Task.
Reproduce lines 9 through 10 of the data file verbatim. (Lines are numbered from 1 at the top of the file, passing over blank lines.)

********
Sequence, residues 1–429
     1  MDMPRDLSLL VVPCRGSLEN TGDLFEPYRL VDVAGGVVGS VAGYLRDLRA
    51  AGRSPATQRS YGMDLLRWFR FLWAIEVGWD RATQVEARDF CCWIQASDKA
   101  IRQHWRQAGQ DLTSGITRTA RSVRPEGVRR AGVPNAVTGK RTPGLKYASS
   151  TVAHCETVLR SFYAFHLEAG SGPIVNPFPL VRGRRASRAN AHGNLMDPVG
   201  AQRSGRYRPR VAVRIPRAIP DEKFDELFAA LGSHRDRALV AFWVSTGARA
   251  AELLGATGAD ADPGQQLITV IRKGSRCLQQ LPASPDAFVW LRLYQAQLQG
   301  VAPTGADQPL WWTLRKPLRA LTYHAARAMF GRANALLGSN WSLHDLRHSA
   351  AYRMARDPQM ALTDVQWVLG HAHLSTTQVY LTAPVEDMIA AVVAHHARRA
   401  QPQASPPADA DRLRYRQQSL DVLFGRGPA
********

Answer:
   351  AYRMARDPQM ALTDVQWVLG HAHLSTTQVY LTAPVEDMIA AVVAHHARRA
   401  QPQASPPADA DRLRYRQQSL DVLFGRGPA